Mud is magic. Mud is fun. Mud can also be quarrelsome.
Don’t get me wrong, I love earth plasters. I want all new strawbale homes to be wearing them. They make the most beautiful walls I have ever seen. The colors are gorgeous and incredibly varied. The walls feel soft and homey. Earth plasters can be rustic and undulate with the bales, or create smooth walls with even curves and a polished finish. The materials are cheap, easy to come by, and healthy for the environment. Earth-plastered walls breathe like living beings, protecting bales from moisture damage by exhaling moisture instead of locking it inside. Mud is a blast to work with, can be extremely durable, and is easy to patch and repair when necessary. (Durability sidebar.) I highly recommend it.
Sometimes earth plastering is so simple it is astonishing. Friends in Arizona and California have found that the earth beneath their strawbale cabins had the perfect proportion of clay and sand. All they had to do was add water, one also added a bit of chopped straw, and voila! Beautiful plasters that didn’t crack.
So why do I quarrel with my walls? Well, I don’t really (mud is always right). But I have had several long, drawn-out head-scratching sessions while questioning my walls (“just why are you doing that?”) Working with mud keeps me on my toes and forever curious. (Whoops sidebar.)
The simple truth is, mud will never be a standardized material like cement. Each batch of dirt is different and has its own personality. (Clay sidebar.) Earth plasters have a slower drying time and must be built up more slowly than cement. There are very few people with big machines to spray it on (and even fewer who have enough experience to be beyond the experimental stage). If you want smooth walls that don’t reveal the shapes of the bales, you are probably looking at a lot more labor and time. And then, with each new batch of dirt, there are the potential surprises. In this country, we are only beginning to recover the lost art of earthen plasters.
It used to be different
Information from this section comes from research conducted by Susan Barger and was published under the title “Investigations Into The Durability of Plasters, Part One: Initial Materials Characterizations and Correlation With Oral Tradition.“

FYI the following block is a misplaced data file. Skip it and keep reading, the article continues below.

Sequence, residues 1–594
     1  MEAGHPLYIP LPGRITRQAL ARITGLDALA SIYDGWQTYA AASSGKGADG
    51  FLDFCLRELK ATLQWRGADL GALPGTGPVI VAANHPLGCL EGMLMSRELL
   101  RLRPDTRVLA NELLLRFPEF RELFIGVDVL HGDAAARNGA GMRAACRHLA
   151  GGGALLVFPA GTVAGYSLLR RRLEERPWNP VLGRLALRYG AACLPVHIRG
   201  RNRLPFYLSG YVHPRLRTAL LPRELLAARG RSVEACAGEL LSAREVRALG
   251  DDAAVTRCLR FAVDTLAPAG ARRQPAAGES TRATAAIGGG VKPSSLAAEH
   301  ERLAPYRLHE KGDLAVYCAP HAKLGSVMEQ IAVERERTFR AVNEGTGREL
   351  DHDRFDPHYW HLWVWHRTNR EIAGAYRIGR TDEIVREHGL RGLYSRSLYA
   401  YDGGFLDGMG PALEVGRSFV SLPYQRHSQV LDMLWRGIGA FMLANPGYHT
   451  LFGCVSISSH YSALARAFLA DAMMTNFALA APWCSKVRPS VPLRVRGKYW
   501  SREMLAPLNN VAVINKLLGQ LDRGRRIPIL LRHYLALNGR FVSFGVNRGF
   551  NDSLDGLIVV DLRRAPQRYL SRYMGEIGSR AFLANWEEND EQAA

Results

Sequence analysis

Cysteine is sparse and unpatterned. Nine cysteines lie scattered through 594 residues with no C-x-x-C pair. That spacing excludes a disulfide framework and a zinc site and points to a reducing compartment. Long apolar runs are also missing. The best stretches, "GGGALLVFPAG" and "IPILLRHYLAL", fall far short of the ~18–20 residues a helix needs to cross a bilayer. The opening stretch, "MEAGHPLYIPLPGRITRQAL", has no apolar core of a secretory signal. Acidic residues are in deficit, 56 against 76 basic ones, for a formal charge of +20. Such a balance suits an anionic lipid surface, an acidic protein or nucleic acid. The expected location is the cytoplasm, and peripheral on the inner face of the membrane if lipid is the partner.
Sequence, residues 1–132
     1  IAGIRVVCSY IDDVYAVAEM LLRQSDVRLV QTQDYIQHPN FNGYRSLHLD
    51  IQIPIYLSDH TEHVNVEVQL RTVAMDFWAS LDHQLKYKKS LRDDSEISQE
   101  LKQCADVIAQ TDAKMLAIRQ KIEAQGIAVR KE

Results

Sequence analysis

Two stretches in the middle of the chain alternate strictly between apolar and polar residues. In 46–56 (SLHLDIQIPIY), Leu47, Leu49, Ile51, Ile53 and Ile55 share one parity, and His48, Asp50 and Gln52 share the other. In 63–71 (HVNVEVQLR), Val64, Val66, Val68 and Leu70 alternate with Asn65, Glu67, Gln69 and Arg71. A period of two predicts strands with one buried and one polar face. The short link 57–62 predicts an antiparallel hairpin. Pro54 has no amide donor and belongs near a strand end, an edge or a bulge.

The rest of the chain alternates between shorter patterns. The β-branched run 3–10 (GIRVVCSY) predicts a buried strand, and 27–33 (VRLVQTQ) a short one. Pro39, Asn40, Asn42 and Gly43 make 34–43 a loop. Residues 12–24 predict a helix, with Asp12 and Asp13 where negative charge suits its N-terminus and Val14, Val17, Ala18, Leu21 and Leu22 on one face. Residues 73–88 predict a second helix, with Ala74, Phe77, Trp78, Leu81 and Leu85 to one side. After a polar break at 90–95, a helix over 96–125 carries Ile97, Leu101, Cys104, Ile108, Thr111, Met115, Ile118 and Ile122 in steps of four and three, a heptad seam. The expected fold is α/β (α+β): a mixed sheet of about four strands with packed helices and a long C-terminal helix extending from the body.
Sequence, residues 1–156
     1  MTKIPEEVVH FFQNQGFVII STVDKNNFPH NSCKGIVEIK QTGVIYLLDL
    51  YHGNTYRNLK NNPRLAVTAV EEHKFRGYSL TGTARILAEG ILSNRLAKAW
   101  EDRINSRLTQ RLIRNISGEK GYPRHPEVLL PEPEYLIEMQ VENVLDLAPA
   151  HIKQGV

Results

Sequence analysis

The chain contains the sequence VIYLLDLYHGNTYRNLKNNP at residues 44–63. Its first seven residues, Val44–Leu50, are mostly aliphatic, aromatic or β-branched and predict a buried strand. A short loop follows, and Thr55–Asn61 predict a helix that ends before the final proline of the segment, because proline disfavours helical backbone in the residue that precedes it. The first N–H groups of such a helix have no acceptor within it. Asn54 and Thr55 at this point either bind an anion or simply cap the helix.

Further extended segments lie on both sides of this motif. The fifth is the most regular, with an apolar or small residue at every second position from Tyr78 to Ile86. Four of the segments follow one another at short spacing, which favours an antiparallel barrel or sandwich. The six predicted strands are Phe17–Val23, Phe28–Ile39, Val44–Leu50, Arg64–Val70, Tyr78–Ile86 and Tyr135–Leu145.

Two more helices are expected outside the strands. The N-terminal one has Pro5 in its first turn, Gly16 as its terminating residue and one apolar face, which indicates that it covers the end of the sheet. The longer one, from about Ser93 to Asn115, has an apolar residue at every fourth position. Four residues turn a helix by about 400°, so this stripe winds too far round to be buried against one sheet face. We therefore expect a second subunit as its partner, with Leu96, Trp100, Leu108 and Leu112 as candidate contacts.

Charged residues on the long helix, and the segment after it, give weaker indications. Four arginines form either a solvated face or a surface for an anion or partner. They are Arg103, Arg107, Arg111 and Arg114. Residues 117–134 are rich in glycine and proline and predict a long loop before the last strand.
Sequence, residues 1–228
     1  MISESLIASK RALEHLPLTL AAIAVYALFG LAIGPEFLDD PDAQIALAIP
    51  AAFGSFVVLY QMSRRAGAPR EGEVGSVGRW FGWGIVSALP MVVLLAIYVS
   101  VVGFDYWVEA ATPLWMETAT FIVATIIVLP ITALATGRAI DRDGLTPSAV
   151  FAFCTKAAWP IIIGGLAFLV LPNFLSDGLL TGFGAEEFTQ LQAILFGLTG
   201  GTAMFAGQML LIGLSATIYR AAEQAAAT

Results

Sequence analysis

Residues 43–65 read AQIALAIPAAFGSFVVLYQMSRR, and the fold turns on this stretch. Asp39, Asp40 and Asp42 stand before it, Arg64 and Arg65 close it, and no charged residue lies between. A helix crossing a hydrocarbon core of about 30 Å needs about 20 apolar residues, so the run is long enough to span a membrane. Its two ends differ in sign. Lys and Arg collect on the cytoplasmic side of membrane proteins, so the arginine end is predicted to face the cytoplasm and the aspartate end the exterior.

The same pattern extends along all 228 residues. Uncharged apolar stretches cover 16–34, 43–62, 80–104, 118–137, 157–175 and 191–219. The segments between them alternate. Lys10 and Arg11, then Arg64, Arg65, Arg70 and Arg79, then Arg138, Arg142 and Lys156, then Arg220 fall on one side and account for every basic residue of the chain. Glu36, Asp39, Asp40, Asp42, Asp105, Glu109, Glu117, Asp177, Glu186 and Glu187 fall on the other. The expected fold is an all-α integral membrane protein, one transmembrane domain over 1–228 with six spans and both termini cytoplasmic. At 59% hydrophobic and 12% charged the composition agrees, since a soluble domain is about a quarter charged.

A hundred years ago in New Mexico, each village had its own location for the best plaster dirt. Adobes could be made from virtually any earth, but the plaster dirt was special and was often carted, if necessary, to the building sites. Its properties were known and loved, and the techniques for working with that particular dirt were passed down from mother to daughter in the tradition of the enjarradoras.
Unfortunately, much of that plastering knowledge was lost with the arrival of the upstart newcomer, cement. The source sites for the dirt are remembered by few. Carole Crews, Cornerstones (the folks who restore the old adobe churches in NM), and others have done a lot of research into the old ways. Susan Barger has some fascinating interviews with older folks who remember participating in the plastering as kids. She also analyzed old plaster samples, looking for clues to what makes a durable mix. Ms. Barger found the chemical reactions in mud plasters to be so complex that they had more questions than answers at the end of the research. Clearly more is needed.
But even if we understand how to work with one particular dirt, the fact remains that the soil of Santa Fe is different from the soil in Oregon. In fact, the dirt under my feet may be completely different from the dirt 30 yards away.
So What Does This Mean?
First of all, relax. Earth plastering is easy. Once in the mud, many of us feel we are remembering information our cells have tucked away for us long ago. Getting in the mud helps us access that knowledge. I had a similar experience in one of Robert Laporte’s timber framing workshops. After struggling with the chisels for days, feeling clumsy and awkward, I experienced something clicking in, and all of a sudden I was handling that chisel like I’d been doing it for years.
But we shouldn’t have to rely completely on intuition and memory of past lives! Or whatever it is that happens in those magical moments. So here are some tips avoiding potential problems and keeping the fun in the mud.
First, ask yourself these questions:· How much durability do I want and need? Is it a meditation hut or a conference center? Do you have ten kids?· How much time do I have? (If you need it finished this week, call the local cement stucco crew. Earth plasters take longer. Plan it into your schedule. Prioritize the areas that need to be finished first. Prioritize the exterior if winter is coming on. Interiors can be done in cold weather, but see sidebar cautions about plastering in winter.)· How much money can I put into this? If you are on a tight budget, get your friends to help you and/or do workshops. The materials are dirt cheap and the labor will be free. If it is a big house, consider bringing in an experienced person to show you the ropes and help you figure out the mixes. If you want to hire a crew and want smooth, polished walls, expect to spend more than you would for cement stucco. If anyone out there knows how to make it less expensive, write an article and let us know!
· What do I want the finished walls to look like? It takes more labor and materials to create smooth walls out of lumpy, undulating bale walls. If you like the natural curves, keep them!
· What materials do I feel comfortable using? The mining of materials—even dirt—is harmful to the earth. Look first at what is around you, and what friends have available on their lands. Try to use materials that have the least impact to create the plasters you want and need. We will all make different compromises—make sure yours feel ok to you. And get creative if compromising doesn’t work for you. Perhaps you’ll discover something that will help us all out!